The American Federation of Television and Radio Artists is monitoring reports of denial of access and censorship in coverage of the Deepwater Horizon explosion and its aftermath.
“We are concerned about continuing reports that journalists are being denied access to sources and public places necessary for them to fully cover this important story,” said AFTRA national president Roberta Reardon in a statement issued Thursday.
“The causes and effects of the explosion of the Deepwater Horizon must be uncovered and analyzed, and our only hope of getting to the truth is through investigative journalism by professionals with unfettered and unfiltered access to the sources.”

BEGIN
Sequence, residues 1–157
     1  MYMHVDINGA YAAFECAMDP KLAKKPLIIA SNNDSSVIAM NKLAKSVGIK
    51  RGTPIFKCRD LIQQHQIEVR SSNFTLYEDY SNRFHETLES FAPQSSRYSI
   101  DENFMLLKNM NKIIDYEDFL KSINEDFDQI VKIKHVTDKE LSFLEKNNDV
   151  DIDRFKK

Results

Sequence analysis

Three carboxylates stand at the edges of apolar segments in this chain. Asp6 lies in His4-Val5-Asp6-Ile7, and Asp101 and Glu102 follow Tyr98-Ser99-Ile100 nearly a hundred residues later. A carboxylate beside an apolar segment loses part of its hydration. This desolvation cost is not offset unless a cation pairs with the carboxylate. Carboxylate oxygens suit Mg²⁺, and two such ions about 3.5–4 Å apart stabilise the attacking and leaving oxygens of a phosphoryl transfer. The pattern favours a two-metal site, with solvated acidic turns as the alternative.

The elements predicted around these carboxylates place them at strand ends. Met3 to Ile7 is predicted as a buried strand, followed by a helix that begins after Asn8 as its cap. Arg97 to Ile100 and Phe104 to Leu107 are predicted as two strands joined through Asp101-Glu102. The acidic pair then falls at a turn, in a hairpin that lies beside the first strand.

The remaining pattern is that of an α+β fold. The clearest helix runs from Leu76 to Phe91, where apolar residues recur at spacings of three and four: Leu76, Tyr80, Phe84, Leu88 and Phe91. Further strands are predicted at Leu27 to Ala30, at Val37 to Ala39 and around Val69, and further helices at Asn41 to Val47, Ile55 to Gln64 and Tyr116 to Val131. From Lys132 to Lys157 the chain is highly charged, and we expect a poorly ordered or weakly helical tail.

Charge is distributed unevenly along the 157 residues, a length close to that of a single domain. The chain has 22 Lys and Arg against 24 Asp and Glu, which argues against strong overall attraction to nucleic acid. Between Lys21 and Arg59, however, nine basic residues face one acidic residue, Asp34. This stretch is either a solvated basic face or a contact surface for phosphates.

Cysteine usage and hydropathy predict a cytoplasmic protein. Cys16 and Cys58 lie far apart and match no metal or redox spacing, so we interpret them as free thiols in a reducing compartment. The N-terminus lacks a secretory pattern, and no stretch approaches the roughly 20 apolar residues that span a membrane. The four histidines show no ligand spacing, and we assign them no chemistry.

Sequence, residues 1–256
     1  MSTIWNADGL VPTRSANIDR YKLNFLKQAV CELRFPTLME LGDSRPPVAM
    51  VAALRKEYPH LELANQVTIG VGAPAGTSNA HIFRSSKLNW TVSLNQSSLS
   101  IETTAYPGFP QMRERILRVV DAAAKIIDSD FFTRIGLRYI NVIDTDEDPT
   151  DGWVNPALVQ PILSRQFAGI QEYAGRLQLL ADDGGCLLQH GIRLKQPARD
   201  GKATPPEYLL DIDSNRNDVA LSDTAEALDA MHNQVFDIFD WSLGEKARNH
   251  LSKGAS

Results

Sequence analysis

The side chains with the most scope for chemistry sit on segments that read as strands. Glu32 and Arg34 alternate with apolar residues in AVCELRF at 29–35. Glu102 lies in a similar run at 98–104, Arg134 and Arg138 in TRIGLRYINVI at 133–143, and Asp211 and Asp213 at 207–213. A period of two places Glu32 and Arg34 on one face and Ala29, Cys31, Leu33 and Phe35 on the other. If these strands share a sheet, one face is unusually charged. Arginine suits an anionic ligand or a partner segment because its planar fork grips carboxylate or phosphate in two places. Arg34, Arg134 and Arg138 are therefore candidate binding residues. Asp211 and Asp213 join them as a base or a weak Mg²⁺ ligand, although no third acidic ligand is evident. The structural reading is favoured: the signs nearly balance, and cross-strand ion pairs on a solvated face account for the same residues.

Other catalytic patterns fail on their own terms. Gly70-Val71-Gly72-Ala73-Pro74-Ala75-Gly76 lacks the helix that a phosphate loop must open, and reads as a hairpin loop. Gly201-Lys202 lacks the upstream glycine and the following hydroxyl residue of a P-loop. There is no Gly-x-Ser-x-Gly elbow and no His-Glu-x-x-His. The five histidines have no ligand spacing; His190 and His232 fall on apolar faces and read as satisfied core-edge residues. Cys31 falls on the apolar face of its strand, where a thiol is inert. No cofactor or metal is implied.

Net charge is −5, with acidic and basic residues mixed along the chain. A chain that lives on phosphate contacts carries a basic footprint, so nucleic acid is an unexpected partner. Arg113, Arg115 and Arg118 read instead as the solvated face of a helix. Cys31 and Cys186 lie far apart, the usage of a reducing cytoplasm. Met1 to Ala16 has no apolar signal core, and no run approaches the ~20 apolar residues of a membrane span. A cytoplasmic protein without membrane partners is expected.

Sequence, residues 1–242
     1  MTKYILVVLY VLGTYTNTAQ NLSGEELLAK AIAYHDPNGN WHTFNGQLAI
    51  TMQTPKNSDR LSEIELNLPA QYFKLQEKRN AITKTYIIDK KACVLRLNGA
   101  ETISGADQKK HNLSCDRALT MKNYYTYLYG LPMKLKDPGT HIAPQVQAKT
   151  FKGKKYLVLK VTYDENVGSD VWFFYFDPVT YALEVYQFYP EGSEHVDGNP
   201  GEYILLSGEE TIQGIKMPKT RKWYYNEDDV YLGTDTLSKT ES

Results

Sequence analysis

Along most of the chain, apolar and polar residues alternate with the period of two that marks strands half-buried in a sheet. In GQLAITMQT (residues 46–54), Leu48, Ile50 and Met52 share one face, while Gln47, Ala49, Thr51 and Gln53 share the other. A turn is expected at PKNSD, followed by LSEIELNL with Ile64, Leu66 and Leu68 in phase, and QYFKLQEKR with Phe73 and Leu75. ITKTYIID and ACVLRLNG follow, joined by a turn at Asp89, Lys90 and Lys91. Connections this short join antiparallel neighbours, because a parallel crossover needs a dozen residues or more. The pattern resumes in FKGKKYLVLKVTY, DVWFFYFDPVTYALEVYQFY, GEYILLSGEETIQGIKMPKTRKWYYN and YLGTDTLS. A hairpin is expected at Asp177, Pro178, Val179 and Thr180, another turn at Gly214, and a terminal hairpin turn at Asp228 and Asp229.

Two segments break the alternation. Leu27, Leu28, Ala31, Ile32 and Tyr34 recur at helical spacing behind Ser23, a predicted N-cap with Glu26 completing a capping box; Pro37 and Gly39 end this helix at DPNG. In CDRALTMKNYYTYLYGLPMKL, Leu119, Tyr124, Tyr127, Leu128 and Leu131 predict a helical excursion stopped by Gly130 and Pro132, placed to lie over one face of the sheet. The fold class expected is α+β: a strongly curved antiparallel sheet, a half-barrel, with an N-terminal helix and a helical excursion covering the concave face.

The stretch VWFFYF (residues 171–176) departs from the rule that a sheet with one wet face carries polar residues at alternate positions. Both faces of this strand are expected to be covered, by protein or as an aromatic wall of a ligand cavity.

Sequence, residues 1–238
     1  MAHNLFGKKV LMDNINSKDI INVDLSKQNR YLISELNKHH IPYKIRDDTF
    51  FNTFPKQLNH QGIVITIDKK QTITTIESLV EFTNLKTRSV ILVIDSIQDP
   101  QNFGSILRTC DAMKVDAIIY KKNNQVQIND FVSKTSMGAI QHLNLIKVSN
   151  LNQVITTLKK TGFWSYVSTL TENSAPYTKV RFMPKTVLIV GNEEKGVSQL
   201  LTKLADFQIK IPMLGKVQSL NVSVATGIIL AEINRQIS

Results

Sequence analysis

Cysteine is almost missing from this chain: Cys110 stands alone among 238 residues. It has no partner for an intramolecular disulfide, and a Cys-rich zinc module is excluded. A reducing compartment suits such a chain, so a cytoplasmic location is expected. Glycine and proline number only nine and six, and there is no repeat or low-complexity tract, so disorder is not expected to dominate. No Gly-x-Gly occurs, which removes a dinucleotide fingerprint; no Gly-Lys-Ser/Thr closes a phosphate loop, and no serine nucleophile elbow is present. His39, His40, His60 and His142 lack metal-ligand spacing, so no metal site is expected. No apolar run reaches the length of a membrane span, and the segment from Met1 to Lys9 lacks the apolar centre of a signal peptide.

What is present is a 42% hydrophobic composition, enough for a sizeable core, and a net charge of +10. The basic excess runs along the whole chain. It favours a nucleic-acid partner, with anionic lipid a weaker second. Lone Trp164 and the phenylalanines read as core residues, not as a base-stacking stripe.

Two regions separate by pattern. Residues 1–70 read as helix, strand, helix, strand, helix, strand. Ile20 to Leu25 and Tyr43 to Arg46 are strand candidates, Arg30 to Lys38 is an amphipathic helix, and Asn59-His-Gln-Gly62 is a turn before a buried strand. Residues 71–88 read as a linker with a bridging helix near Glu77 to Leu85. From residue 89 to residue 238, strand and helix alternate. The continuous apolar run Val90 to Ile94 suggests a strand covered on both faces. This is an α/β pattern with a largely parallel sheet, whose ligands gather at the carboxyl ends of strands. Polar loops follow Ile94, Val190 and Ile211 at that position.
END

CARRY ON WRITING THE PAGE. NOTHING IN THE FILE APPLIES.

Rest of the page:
AFTRA announced Thursday that it has launched a website, aftra.com/access4media.htm, as a clearinghouse of published accounts of denied access as well as firsthand accounts by newsies submitted through a confidential online form.
Diana Boylston, president of AFTRA in New Orleans, and Herta Suarez, exec director of AFTRA’s southeast regional office in Miami, toured the BP Learning Center near Houma, La., on Thursday.
“AFTRA is watching this situation closely and communicating directly with newspersons on the ground to make sure that government and corporations are being transparent,” Boylston said.
“AFTRA will keep all of its members, including broadcast journalists, recording artists and other performers, informed so that they can work with allies in the labor movement and the community to advocate for complete transparency from both the government and private corporations.”